No Ghosts: Logo Design Lessons from 5 Summer Blockbusters

It’s that time of year, when the summer blockbusters are released to much fanfare with overblown, Hollywood budgets. But with so many movies hitting the theaters at once, it’s sometimes hard to decide which one to see. Fortunately, you can usually judge a book by its cover, or in this case, a movie by its title treatment and logo design. Here, along with Matthew Jervis, we discuss five movie logo treatments and how they stack up in the frenzied Hollywood landscape. We’ll ponder why some logos work and others don’t.



One of the most highly anticipated movies of the summer, Ghostbusters, has come a long way, featuring an all-female cast in this remake, but one thing hasn’t changed at all: the logo. Devised by designer Michael Gross and Brent Boates more than 32 years ago, the logo has not been cleaned up, touched up, or tweaked in any way. Its genius in its simplicity.


But Gross never thought it would see the light of day, as he explained in an old interview. “The logo was in the script. The guys in the film had this logo on their shirts,” so he had to devise something long before the production started. He came up with the concept of a ghost coming out of a “no” symbol, and asked Boates to comp up several variations. Gross never expected the logo to take hold the way it did, yet here we are 32 years later, and it still endures.


In the 1989 sequel, the logo was cleverly changed to show the ghost holding up two fingers. Ghostbusters merchandise has been flying off the virtual shelves of online retail outlets, showing that a good logo will stand the test of time, even if it’s for a fictional company.

Jervis: Don’t mess with success.


Finding Dory

In this sequel to Finding Nemo, the studio went with a branded look, that doesn’t seem to work as well the second time around. But, whatever little design issues we have with the type treatment, doesn’t seem to affect box office sales, as Finding Dory had the highest grossing debut of all time for an animated feature.

Jervis: A branded decision might not be the best option when it comes time to expand the brand in a way that was not in sight when it was created. I think this was the case with the Dory title. The letters seem too big and kind of clunky, and doesn’t relate to the storyline, which is about friendship and acceptance. In the end it’s easy to point to the franchises’ branded look to explain the design, but I still think they could have done something different to make it more aesthetically pleasing and connect better with the story.


Suicide Squad

This movie, based on the DC Comic, has all the trappings of an action-based thriller, featuring a team of dangerous villains sent on a covert mission. Jervis says of the logo, “The punk rock aesthetic with a thrown-together placement really reflects the theme of the film. I like this logo for that reason.”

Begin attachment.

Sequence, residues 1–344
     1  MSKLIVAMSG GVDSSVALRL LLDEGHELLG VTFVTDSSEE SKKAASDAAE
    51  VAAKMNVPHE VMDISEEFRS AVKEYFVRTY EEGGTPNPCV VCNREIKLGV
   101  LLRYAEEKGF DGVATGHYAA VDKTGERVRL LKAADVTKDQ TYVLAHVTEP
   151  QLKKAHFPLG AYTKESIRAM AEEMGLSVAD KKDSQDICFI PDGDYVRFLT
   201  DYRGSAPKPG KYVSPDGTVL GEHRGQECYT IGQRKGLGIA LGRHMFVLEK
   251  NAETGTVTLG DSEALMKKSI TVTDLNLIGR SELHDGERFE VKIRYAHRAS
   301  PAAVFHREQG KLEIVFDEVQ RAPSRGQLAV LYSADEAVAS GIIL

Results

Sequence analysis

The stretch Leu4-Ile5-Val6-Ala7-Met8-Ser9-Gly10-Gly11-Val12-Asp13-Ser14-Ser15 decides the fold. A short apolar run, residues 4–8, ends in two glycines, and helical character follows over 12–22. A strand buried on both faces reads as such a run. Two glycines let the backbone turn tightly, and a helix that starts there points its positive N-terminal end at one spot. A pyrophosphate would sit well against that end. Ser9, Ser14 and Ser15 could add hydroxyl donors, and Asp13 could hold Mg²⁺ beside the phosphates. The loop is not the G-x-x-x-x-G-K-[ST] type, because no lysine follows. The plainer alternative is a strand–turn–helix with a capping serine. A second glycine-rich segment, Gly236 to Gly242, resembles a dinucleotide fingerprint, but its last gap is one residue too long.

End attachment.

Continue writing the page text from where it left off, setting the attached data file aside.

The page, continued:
Jervis: If there was one thing you could knock this logo on, is that it could be a little trite. Obvious. The hand skull with x’s for eyes, blah blah. But in a comic book universe for crying out loud! It looks like it could be stenciled on a street or a wall in an alley. I also like how they expanded the branded look to include cool icons for the characters. Thoughtful, memorable, consistent, and simple!


The Nice Guys

With leading men like Russell Crowe and Ryan Gosling, you can hardly go wrong, but the title type treatment may be a little misleading. It seems to indicate this is a fun romp through the disco decade, which is a little misleading, considering the film is pretty violent.

Jervis: Boom! The 1970s always wins. Whether we’re talking porn, sports, or cops—put some bell bottoms and a fro on it and the movie-going public will be there. I feel that’s the story here. It’s a lot kitsch, but not a lot of connection to the story. Don’t get me wrong—they had to go this way to a certain degree, but they could have given us a little more. I say this, but I’m as guilty as anyone else—I love Pump Triline typeface. It’s cool and an authentic typeface from 1977. So props for doing their research!


Eat That Question

The documentary on the always controversial Frank Zappa, captures his story in mostly his own words. Unfortunately, the title design lacks any of the quirky tendencies of the artist, himself. He was an eccentric, eclectic musician known for speaking his mind, no matter the consequence, but the generic lettering overprinted on his face, doesn’t give the audience much to chew on.

Jervis: Big disappointment. I mean, imagine you’re a designer given the job to come up with the titles for a movie about Frank Zappa AND make a movie poster! This was a missed opportunity. Not a stitch of creativity here. I hope it was because the freak show that is Frank’s widow tied the hands of the creative team and wouldn’t let them do anything cool. Maybe she did this one herself. This poster and title should be jumping off the page into our laps and into our pants! “Buns-up, kneeling!” Not happening here.

Emily Potts FOLLOW >

Emily J. Potts has been a writer and editor in the design industry for more than 20 years. Currently she is an independent writer working for a variety of clients in the design industry.